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Michigan State University - Michigan State University students and community members of East Lansing, Michigan, formed the South African Liberation Committee in 1972, one of the first organizations in the country to lead a campaign against the apartheid movement. Because of the group’s efforts, the city became the first in the U.S. to pass a resolution that ended support of businesses that operated in South Africa.(Photo: MSU.edu)

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Spelman Gives South Africans a Voice - Spelman College launched its campaign against apartheid in 1978 and was the beginning of a seven-year protest of their school’s investment in South Africa. The students interviewed South African students in their school newspaper and hosted them on their campus to speak, in order to bring more awareness to their cause. Despite not having a large endowment, the university board chose to divest in April 1986.  (Photo: Spelman College)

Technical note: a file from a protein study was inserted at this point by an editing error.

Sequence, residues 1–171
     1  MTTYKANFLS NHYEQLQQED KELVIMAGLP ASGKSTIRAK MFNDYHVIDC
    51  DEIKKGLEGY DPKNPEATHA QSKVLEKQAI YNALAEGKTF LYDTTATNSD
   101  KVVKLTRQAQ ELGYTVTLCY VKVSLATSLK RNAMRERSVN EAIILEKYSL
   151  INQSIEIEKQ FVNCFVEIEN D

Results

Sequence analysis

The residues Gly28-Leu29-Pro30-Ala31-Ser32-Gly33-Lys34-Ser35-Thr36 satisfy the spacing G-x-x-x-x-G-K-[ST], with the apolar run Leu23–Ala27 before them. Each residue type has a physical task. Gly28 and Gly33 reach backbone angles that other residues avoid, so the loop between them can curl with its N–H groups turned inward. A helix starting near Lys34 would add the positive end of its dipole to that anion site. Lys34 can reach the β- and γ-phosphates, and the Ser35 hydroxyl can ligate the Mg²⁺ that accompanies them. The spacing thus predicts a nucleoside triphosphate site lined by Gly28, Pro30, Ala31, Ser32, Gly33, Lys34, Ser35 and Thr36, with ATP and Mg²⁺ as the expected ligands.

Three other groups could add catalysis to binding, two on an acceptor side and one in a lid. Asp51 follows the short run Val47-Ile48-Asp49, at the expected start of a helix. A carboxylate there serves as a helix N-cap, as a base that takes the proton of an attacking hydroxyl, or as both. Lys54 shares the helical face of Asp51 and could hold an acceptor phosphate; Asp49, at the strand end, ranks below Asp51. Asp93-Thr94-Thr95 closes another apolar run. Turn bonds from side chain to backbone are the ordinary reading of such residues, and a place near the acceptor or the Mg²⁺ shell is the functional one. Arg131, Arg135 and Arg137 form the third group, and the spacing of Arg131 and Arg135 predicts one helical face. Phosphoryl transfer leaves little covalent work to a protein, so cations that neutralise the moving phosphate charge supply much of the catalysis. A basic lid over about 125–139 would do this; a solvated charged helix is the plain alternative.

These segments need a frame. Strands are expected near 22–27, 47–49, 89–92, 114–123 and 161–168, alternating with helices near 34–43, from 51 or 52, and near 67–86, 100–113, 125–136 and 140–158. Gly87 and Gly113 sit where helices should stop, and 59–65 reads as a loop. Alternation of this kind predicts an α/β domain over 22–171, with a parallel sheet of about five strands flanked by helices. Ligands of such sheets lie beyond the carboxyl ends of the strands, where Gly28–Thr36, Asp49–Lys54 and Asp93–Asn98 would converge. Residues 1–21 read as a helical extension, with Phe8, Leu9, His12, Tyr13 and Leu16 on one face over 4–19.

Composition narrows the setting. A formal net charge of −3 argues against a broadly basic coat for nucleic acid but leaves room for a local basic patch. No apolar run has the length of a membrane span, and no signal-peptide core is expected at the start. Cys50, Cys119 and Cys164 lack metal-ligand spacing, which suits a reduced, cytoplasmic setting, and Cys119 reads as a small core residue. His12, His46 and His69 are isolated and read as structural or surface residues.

Howard Extends Clinical Trials to Africa - Howard has announced a new partnership with TNI BioTech Inc. to develop and test treatments to help people addicted to drugs and alcohol in several African countries. Researchers will also test treatments for people with cancer, HIV/AIDS and other auto-immune diseases.   (Photo: Howard.edu)

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Howard, Georgetown Formed DC SCAR - The D.C. Student Coalition Against Apartheid and Racism, formed in 1983, was made up of student organizers from Howard University, Georgetown University, George Washington University, Johns Hopkins University, and the University of Maryland at College Park. The group successfully pushed for universities to divest in corporations that were in business with South Africa.(Photo: Howard.edu)

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UC Davis, UC Santa Barbara and UC Berkeley “Day of Action” - In April 1985, during a “day of action” at University of California at Davis, Santa Barbara and Berkeley, more than 300 people were arrested across the campuses while participating in the boycott of American support of South Africa’s apartheid laws. The students called for UC to divest $1.7 billion in American companies tied to South Africa.(Photo: David McNew/Getty Images)